Delegates to U.N. climate talksin Doha agreed Saturday to extend the Kyoto Protocol, a pact that aims to curb greenhouse gas emissions from industrialized nations but will cover only about 15 percent of the world’s carbon output.
The outcome of the two-week negotiations, which nearly collapsed in their final hours in a dispute over how to compensate poor countries for the losses they will suffer as the result of climate change, underscored the challenge policymakers face in confronting global warming. The hard decisions were put off, including how much major developing countries such as China and India will commit to cutting their greenhouse gas emissions and to what extent the richest nations will assist vulnerable ones over the next decade.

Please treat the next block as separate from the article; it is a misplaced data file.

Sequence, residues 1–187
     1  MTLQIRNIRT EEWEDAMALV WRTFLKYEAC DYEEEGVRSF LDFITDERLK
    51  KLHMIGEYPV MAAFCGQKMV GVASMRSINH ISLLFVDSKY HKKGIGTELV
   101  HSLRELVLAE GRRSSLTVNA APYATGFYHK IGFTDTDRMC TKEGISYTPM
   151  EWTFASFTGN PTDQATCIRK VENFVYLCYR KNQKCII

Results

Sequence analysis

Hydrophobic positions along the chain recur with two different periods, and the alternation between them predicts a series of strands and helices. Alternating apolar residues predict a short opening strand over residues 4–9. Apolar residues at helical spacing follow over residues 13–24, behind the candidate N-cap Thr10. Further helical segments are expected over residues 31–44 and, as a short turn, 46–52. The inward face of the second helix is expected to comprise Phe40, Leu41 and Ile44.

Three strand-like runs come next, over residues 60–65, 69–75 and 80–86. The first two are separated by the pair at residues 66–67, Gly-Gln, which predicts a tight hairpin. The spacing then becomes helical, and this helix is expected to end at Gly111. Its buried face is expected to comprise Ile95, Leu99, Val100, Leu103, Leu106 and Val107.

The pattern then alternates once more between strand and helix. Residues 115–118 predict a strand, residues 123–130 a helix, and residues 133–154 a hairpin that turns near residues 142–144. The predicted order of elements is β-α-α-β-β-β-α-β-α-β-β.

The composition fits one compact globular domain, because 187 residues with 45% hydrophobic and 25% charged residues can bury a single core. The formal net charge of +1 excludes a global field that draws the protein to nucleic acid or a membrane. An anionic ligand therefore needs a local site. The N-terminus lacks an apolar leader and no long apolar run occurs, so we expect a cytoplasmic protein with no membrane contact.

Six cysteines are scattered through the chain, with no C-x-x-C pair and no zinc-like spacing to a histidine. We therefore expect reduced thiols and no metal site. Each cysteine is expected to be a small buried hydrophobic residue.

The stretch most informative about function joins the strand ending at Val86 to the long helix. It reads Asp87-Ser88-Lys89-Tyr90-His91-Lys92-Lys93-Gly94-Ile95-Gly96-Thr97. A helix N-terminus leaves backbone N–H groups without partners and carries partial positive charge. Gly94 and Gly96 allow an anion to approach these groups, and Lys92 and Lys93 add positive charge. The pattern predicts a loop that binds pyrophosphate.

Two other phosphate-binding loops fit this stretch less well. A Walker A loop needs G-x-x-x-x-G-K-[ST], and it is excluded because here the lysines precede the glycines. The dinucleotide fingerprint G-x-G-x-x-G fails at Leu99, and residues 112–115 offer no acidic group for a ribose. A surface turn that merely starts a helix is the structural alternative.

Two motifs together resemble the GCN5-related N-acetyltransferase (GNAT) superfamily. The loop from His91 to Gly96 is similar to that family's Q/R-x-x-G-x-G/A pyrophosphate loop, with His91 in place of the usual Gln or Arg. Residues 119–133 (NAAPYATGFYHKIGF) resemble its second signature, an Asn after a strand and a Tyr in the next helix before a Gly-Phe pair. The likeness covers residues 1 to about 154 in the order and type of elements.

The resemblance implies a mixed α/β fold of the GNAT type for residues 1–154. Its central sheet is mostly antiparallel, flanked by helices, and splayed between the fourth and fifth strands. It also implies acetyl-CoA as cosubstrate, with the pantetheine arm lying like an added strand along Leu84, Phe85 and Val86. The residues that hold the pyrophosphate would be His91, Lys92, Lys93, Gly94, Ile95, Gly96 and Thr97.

European Commissioner for Climate Action Connie Hedegaard hailed the fact that nearly 200 countries agreed on a framework for negotiating a pact over the next three years, which will take effect in 2020.
“It was not an easy and comfortable ride,” she said in a statement. “But we have managed to cross the bridge. Very intense negotiations lie ahead of us. What we need now is more ambition and more speed.”
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Via Chuck Sherwood, Senior Associate, TeleDimensions, Inc